Inside TDV - The Data Vault Blog
Panic in the Cloud? Gartner Predicts 1 in 4 Providers Gone by 2015
Research firm Gartner predicts a major consolidation in cloud services and estimates that about 25 percent of the top 100 IT service providers won’t be around by 2015.
Arnet.com.au reports, “Cloud adopters face serious risk in the next two years because of the strong possibility that their provider will be acquired or forced out of business, according to Gartner.”
Well, thanks, Gartner. As if there hasn’t been enough skepticism about cloud computing, now this?
“One in four vendors will be gone for whatever reason — acquisition, bankruptcy,” said William Maurer, a US Gartner analyst, to a packed room at the Gartner Data Center Conference in Las Vegas recently. “There is real risk.”
“We’re in the phase of buyer beware with Cloud,” Michael Salvador, a technical solutions manager who attended the presentation, told Arnet.com.au. “You better do your research – there’s no safety net out there.”
And there it is. Symantec recently decided to discontinue its Backup Exec.cloud product. And it won’t surprise anyone here at TDV Cloud if a few more such products go the way of the dinosaur. But if you signed your company on for a service you didn’t fully research, what do you expect? Symantec is one of the most trusted names in security, backup and availability solutions, but that particular product simply failed.
We have two pieces of advice for any business interested in adopting cloud-based services for backup and disaster recovery. Ready?
1. Research the company/companies to which you’ll be trusting your critical data. How long have they been in operation? What is their reputation? Do they have clients similar to your business?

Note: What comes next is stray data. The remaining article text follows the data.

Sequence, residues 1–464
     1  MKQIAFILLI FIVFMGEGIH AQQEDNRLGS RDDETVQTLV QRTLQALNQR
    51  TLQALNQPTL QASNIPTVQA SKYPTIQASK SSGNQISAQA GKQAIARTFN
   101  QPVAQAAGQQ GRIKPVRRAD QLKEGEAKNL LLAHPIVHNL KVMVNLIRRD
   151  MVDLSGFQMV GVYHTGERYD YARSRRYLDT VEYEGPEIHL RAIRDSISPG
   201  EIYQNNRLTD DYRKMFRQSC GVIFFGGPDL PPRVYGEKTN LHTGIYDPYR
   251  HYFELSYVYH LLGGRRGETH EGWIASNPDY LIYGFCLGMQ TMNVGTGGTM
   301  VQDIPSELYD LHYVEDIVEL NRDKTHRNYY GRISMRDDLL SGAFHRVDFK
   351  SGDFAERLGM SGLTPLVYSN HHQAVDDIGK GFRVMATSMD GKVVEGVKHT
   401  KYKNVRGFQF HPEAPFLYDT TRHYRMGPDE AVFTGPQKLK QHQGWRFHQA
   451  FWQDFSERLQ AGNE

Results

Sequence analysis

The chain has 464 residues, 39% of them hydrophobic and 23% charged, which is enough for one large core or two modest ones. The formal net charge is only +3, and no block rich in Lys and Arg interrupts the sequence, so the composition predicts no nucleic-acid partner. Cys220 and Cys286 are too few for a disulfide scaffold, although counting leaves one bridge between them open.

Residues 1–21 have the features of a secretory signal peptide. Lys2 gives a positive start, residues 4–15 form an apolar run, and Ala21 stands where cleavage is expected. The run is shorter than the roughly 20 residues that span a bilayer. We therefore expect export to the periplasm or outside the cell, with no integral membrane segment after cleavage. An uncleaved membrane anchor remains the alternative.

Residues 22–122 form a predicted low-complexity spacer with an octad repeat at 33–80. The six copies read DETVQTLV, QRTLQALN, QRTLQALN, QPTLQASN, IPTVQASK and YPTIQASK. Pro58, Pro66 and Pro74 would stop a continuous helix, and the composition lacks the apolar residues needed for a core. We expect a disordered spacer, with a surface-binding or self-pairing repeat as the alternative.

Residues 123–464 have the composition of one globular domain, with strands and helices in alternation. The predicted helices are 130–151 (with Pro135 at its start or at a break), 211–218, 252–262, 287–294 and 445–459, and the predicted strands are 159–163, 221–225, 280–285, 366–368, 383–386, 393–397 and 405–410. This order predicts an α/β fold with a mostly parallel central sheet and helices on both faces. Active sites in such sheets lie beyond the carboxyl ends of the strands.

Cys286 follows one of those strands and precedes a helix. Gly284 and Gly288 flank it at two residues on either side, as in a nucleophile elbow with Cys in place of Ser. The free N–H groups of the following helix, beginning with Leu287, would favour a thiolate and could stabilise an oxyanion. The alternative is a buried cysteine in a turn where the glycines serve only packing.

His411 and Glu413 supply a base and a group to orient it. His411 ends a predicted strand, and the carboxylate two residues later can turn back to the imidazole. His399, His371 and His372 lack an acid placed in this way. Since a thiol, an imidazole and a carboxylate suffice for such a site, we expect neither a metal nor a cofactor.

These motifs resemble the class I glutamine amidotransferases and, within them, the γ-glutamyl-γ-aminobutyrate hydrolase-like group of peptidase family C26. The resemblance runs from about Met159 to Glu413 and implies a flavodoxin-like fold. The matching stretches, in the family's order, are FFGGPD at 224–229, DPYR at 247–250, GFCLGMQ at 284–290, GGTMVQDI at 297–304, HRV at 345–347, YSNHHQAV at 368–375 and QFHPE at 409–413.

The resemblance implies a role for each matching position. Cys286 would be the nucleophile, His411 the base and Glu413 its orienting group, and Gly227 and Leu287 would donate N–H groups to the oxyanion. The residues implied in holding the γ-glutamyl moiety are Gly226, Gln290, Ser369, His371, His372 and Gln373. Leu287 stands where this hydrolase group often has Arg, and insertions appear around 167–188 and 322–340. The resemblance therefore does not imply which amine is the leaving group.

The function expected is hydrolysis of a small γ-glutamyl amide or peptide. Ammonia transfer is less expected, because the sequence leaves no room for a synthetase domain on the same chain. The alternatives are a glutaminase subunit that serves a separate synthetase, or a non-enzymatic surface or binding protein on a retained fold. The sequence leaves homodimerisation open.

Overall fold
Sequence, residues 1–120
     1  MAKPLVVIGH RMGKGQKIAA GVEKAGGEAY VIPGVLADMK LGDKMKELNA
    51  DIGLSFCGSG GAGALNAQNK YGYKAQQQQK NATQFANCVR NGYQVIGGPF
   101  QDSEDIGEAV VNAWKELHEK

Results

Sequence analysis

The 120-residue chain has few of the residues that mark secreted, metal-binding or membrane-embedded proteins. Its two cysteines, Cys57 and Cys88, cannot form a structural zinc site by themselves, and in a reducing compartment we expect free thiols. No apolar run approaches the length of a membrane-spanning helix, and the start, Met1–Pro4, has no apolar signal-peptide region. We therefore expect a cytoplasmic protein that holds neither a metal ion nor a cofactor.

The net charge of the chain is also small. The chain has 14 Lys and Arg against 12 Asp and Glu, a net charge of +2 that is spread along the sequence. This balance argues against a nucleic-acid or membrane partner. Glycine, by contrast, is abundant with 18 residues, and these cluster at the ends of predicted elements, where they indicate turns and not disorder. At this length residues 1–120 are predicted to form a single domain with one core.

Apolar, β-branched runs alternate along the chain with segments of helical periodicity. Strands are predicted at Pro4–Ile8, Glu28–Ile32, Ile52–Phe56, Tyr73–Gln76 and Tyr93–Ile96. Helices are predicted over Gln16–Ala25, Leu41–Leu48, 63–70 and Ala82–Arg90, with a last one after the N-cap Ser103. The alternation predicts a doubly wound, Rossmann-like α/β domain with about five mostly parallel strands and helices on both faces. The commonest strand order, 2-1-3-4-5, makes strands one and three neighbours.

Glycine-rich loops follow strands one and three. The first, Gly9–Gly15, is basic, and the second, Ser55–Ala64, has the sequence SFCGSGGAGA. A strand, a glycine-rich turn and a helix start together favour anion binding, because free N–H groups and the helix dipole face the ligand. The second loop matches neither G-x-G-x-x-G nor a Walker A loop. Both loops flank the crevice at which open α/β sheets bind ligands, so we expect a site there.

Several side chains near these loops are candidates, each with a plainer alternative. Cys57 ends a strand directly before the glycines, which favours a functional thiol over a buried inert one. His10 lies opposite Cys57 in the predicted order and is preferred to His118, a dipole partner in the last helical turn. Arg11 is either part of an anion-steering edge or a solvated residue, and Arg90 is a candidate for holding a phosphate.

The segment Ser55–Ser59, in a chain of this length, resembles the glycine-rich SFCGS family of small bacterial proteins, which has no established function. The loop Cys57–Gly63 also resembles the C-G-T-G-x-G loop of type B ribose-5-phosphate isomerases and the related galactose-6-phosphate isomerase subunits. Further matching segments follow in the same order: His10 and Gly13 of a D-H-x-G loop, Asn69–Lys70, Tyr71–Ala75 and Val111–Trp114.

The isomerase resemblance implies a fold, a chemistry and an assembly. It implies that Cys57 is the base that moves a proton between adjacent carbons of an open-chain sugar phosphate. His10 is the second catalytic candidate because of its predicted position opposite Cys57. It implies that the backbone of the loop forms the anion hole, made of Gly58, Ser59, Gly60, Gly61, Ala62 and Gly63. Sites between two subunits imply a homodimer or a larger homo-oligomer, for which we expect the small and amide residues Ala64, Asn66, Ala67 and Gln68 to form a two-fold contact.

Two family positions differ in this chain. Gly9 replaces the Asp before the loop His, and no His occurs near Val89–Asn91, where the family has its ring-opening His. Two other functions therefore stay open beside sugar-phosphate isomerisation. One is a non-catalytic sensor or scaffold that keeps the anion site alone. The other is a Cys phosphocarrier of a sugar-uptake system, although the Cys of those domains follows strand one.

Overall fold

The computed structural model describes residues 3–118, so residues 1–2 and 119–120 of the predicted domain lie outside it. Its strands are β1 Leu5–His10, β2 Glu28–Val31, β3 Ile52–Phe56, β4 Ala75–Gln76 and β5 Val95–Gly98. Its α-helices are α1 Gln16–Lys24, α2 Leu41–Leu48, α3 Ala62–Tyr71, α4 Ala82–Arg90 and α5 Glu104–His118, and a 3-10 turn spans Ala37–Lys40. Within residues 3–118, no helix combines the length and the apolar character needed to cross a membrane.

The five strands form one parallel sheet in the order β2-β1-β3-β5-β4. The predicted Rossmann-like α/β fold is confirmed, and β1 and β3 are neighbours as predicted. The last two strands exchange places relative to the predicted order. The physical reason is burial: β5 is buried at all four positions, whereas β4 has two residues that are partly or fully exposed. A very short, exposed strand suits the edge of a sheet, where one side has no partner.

Perhaps more importantly, for what do you plan to use their services? If it is simple cloud archiving and backup, you may not need to have immediate access to said information, meaning a lengthy download (more on this in reason No. 2) isn’t a big deal. Or, heck, you can just stick with data tape, which is still an effective means of data archiving.
But if you expect more, what security features does the product a prospective provider offers provide? Does it meet regulatory security needs such as HIPAA or Sarbanes Oxley? What options do you have for challenges like BYOD SaaS?
In other words, if you answer all these sorts of questions and choose the right provider and product for your specific needs up front, you won’t have to be so worried about that 1 in 4 hype. Why? Because you’ll likely be partnered with one of the other three.
2. Can you pick up your phone right now and call someone who knows exactly who you are and where your data is?
Didn’t expect that question, did you? Well, it’s an important one. That’s especially true if you intend to rely on a cloud-based solution for disaster recovery and business continuity.
Here’s the scenario we try to paint for those investigating cloud solutions: In the event of a major disaster involving total data loss, how soon do you absolutely have to be back up and running with the most important data to your day-to-day operations? Two days? One day? Twelve hours?
Now answer this question: If you’ve entrusted said data to a large company based in New York or Seattle or wherever, how long would you expect it to take that company to deliver that data to you? Especially if you call the help line and get a menu of options provided by a robot voice.
Our recommendation is to partner with a local company for that critical data — or at least a company within, say, a two hours’ drive. This would be a local company that is partnered with a tenured, well respected DR provider.
So if your data center is flooded in a major storm, or something equally as serious prevents you from downloading the data you need, you have access to a copy that can be brought to you manually, already loaded onto hard disk. And it will be delivered to you, if necessary, by a guy who already knows your name, already knows your business needs and understands the urgency of your situation.
So, to Salvador’s comment that, “You better do your research – there’s no safety net out there,” I say yes and no. Yes, do your research; that’s just common sense. But your safety net may be as close as your own hometown. You just have to look for it.